Hepatitis C: Hospital Worker Charged with Infecting PatientsBy: WebProNews Staff - July 20, 2012
The Hepatitis C outbreak at a New Hampshire hospital has been linked to former worker David Matthew Kwiatkowski, who is thought to have infected at least 30 people during his employment as a medical technician in the cardiac catheterization lab. Additionally, Kwiatkowski is believed to have stolen an undisclosed amount of Fentanyl, a controlled substance which is reportedly more powerful than morphine.
Kevin Callahan, president and CEO of Exeter Hospital, recently released a statement to address the matter. He explained, “It is deeply disturbing that the alleged callous acts of one individual can have such an impact on so many innocent lives. As a result of his alleged actions, people in our community, who in many cases are the friends and neighbors of the 2,300 people who work here, now face the challenge of a potentially chronic disease.”
Kwiatkowski’s co-workers at the hospital stated the man frequently acted peculiar, as if he was up to something suspicious. During CCL procedures, he would often leave abruptly, which led some witnesses to theorize that he was on some sort of drug. One co-worker even stated that Kwiatkowski was once spotted on-duty with an extremely red face and foam around the corners of his mouth.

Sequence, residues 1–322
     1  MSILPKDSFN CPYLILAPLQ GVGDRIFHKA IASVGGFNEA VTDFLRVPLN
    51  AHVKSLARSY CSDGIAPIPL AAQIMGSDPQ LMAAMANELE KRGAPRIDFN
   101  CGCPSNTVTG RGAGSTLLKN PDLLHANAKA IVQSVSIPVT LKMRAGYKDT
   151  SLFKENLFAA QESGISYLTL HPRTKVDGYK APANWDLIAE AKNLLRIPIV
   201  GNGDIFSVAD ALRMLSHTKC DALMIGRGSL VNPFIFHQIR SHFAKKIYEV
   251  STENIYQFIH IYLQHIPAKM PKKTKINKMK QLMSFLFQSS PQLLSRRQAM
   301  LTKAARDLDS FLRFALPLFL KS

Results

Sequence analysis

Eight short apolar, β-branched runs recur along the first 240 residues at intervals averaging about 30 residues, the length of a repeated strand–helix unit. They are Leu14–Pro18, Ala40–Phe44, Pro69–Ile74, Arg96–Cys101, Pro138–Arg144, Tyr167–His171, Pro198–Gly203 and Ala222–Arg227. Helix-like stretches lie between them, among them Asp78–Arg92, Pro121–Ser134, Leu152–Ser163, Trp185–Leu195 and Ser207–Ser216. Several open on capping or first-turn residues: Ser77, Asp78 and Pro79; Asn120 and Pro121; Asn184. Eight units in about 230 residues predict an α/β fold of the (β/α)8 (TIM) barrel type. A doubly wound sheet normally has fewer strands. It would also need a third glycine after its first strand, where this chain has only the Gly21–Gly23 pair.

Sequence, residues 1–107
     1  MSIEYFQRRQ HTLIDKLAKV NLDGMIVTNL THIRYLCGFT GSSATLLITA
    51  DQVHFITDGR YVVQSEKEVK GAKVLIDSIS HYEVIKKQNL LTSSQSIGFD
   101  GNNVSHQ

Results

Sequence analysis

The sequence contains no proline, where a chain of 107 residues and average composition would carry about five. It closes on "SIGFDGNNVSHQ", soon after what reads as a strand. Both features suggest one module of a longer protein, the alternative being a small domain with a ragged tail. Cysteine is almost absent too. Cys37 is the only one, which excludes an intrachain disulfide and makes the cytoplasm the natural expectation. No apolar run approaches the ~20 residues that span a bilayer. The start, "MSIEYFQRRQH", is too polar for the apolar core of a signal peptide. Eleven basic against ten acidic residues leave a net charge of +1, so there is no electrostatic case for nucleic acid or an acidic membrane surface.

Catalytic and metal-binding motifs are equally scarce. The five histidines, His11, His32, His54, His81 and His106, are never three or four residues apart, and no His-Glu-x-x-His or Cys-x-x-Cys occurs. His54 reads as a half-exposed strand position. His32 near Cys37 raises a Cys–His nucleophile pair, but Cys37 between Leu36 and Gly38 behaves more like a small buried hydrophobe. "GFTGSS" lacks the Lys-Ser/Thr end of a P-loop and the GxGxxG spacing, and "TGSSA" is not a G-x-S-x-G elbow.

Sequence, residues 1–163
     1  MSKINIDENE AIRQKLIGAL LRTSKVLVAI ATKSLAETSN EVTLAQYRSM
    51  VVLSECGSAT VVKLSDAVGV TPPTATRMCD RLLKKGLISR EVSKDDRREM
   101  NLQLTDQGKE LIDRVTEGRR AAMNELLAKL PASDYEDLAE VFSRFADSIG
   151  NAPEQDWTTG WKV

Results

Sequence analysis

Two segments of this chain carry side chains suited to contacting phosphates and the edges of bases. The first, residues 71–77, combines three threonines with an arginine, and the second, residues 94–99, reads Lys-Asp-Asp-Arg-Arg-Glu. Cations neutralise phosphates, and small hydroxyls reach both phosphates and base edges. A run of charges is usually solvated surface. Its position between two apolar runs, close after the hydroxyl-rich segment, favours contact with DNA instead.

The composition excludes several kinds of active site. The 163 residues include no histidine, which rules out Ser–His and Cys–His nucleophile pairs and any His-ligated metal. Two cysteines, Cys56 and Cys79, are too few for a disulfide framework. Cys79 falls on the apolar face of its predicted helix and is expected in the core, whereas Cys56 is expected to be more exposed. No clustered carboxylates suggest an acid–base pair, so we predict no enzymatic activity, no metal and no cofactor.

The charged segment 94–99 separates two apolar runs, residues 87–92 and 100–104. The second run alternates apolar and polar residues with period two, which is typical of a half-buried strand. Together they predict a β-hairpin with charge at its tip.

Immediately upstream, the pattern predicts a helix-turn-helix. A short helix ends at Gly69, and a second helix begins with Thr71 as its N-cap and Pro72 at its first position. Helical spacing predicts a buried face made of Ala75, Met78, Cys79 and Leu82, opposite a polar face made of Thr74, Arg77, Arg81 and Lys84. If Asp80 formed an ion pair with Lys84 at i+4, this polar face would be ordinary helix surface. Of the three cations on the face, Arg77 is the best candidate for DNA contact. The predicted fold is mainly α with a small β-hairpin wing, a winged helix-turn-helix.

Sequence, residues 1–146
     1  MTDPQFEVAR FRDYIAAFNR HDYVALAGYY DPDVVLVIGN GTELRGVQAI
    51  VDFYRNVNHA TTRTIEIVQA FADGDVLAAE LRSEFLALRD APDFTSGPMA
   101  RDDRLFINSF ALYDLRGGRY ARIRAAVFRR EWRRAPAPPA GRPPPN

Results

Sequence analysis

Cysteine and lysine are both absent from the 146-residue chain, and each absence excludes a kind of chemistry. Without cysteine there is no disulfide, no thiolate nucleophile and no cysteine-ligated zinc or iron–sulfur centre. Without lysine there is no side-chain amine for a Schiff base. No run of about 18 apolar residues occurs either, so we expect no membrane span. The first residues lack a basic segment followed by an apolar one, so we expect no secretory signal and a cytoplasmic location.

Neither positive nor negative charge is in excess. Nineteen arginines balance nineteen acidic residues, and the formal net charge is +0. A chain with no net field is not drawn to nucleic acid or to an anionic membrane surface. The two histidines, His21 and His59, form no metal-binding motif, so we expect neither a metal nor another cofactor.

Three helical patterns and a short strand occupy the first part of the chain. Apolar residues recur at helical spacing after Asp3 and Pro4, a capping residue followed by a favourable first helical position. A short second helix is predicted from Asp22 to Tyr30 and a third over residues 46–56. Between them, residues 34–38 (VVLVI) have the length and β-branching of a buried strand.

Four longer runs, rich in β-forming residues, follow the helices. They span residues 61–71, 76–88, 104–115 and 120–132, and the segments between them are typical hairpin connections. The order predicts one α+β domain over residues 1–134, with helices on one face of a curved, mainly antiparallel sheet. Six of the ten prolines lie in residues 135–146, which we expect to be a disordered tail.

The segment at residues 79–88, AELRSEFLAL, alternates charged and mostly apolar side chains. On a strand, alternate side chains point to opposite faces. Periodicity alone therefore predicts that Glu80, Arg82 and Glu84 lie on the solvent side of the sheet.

“The evidence gathered to date points irrefutably to Kwiatkowski as the source of the hepatitis C outbreak at Exeter Hospital. With his arrest, we have eliminated the menace this ‘serial infector’ posed to public health and safety,” explained United States Attorney John P. Kacavas.
Although Kwiatkowski stated he discovered he was carrying the virus in May of 2012, investigators eventually learned the truth: he actually tested positive for hepatitis C in June of 2010. What makes this story even more alarming is the fact that Kwiatkowski was once a traveling medical technician whose job took him to over six different states. No word yet if any of the other areas he visited have experienced the same problems.